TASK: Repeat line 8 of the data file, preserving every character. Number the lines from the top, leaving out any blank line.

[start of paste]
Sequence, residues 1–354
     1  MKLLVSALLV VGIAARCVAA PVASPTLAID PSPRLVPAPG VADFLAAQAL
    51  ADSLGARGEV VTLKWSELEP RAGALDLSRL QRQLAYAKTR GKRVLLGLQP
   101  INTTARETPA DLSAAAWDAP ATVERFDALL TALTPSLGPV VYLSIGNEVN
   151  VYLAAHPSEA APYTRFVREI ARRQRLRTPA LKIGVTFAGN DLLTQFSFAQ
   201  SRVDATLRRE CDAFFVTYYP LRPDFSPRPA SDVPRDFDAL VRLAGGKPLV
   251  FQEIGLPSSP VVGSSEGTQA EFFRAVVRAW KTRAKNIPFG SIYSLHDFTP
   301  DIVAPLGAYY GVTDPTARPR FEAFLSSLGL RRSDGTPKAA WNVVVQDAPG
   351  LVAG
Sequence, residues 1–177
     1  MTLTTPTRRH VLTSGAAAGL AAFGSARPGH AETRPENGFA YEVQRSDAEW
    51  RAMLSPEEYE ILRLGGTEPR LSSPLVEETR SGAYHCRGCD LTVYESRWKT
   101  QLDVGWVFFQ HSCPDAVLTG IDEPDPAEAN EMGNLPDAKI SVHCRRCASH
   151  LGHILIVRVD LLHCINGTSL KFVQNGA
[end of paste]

   301  DIVAPLGAYY GVTDPTARPR FEAFLSSLGL RRSDGTPKAA WNVVVQDAPG